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Originality in Individual and in Race Development
			
408                    CHURCH REVIEW.

country a stop must be put to the money-making power, when it
can be plainly shown that such power can only be used to the
ruin of humanity.


                           X.
          ORIGINALITY IN INDIVIDUAL AND IN RACE
                      DEVELOPMENT.

                   BY A. B. STIDUM.

   In this age of rapid development in the sciences, in literature
and the arts, it needs no second glance to discover, no second
thought to impel the belief, that this must needs essentially be
an age of originality.  The rapid growth of modern  invention,
with its adaptation to the practical purposes of life, is surely revo-
lutionizing the world of mechanical labor and setting men's
minds adrift in the rapid channel of thought and discovery for a
new means of profitable and remunerative labor.
   Nations, like as individuals, vie with each other in the great
struggle for pre-eminence, and in the race for the first and firm-
est foothold upon the demand of those of other nations of less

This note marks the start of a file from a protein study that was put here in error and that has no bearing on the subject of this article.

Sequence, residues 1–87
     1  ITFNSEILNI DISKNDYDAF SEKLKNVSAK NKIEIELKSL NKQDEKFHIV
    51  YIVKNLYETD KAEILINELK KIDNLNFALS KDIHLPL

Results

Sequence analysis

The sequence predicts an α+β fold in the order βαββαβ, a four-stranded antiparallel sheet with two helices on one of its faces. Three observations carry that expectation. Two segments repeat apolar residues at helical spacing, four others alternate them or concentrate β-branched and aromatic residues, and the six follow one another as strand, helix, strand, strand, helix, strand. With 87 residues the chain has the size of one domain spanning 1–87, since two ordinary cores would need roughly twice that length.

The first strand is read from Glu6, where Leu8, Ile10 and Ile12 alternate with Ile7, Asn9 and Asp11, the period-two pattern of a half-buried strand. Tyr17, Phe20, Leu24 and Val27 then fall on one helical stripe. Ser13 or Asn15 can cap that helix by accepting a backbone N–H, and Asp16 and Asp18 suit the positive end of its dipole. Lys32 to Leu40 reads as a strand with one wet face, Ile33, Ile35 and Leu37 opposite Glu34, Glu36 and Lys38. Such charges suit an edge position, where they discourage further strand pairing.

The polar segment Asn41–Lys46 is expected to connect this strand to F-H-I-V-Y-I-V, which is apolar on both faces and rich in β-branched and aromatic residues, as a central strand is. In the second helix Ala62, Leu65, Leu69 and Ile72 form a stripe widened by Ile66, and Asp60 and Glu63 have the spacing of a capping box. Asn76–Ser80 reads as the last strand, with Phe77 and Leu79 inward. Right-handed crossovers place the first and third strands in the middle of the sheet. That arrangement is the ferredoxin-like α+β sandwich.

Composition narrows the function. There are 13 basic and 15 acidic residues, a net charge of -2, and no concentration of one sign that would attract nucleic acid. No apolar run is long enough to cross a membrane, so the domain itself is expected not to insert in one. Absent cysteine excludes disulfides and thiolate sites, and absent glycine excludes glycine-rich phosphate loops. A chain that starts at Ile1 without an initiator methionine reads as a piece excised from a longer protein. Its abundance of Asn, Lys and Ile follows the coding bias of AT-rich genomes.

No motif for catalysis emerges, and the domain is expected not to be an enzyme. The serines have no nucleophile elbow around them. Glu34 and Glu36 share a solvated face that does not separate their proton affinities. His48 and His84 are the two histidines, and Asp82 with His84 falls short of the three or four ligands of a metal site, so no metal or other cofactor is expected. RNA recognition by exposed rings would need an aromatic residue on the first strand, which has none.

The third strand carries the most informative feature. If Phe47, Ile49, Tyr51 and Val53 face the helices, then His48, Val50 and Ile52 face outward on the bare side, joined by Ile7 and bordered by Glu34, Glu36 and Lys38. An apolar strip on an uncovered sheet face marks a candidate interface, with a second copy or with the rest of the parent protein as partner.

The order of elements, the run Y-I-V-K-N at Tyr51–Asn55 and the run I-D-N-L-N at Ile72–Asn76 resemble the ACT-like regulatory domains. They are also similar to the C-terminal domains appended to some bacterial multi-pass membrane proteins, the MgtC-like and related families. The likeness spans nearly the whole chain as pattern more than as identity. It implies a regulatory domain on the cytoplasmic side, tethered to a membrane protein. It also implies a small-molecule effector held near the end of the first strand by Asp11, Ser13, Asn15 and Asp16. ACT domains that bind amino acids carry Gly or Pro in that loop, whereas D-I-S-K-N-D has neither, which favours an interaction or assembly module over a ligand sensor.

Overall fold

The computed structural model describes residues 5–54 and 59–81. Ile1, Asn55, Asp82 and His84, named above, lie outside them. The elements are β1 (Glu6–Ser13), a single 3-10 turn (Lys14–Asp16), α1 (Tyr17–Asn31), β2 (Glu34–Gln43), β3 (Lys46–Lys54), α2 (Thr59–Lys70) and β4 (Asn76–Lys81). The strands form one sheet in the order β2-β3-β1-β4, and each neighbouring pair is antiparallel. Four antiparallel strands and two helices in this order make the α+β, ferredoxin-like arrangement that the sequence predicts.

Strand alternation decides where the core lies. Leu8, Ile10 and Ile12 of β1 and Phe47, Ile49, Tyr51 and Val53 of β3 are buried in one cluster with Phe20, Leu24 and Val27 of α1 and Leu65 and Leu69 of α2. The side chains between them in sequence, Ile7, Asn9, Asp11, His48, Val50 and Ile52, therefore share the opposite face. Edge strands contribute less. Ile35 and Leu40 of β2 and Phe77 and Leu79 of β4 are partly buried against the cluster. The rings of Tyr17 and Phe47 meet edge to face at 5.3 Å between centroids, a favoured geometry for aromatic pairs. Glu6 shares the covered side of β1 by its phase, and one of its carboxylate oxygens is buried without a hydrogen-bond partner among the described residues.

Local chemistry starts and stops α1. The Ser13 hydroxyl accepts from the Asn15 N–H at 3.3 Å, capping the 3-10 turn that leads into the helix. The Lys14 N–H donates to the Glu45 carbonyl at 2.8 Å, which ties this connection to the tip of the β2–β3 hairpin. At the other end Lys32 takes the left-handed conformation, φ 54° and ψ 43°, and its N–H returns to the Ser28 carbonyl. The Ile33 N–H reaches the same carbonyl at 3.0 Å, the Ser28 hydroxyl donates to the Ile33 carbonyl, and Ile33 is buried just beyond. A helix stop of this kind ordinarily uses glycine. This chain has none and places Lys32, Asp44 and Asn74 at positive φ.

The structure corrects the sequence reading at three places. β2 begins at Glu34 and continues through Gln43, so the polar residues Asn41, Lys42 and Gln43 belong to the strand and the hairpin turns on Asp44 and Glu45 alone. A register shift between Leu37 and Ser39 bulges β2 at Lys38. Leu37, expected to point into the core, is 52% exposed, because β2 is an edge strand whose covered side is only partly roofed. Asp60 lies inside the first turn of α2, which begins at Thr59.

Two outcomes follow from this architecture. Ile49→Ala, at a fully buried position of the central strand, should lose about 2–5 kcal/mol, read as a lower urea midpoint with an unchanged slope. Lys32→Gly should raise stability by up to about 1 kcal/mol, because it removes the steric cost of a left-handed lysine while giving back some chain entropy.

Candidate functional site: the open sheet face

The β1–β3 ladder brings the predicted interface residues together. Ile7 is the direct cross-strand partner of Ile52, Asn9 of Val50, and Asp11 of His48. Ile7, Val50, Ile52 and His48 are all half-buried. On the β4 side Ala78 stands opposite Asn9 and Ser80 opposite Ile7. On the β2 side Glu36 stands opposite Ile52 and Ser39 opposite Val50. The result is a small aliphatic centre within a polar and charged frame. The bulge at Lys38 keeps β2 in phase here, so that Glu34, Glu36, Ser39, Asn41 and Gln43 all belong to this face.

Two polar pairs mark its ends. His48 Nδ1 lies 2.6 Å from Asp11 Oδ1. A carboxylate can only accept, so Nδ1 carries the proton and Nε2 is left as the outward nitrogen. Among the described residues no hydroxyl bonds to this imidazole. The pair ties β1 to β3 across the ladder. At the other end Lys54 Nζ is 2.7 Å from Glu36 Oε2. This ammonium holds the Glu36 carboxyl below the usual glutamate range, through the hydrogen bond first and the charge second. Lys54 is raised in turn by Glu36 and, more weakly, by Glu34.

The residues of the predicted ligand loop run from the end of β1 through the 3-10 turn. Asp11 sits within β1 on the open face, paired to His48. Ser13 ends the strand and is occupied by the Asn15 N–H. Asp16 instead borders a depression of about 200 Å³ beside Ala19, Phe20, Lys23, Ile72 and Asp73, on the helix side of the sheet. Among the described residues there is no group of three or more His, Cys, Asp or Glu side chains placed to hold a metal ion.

known intelligence and skill, perhaps, and less richly endowed
resources than themselves. Indeed, the wonderful progress of
to-day clearly demonstrates that nothing seems to escape man's
subtle intellect, the almost divine powers of a fertile and seem-
ingly limitless brain, when it wills to penetrate the hidden and
mysterious labyrinths of new fields of origin and discovery. If,
in a measure, he has boldly assailed time, and marvelously re-
duced it within the compass of his gigantic grasp, and continents
are no longer months of time apart as once ago, but, instead, a
few days and hours alone suffice to join the far distant points and
make them one-if language requires not length of days and
nights for its transmission and reception by kindred and friends
in lands remote, but that minutes and seconds only are required to
transport hither and thither this great medium of communication;
and again, if sounds of human voice in speech or song, and in-
strumental tones, strike upon the organs of our quickened senses
as though in the very nidst of their performance, even though
separated far, it may be, by state or country--if, I say, these are
but some of the wonders accomplished of the age, truly then
the future holds naught impossible of attainment for the bound-
less measure of man's matchless genius. Indeed, it would seem
that the intellectual powers are fast outgrowing those of the cor-
poreal body, and that in their disproportion to the measure of
life and things, as he realizes most fully that he is indeed becom-
ing wiser and weaker, and that if over the wonderful forces of




			
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African Methodist Episcopal Church Review, Vol. 07, Num. 4

Originality in Individual and in Race Development

B.

Volume:  07
Issue Number:  04
Page Number:  408
Date:  04/1891


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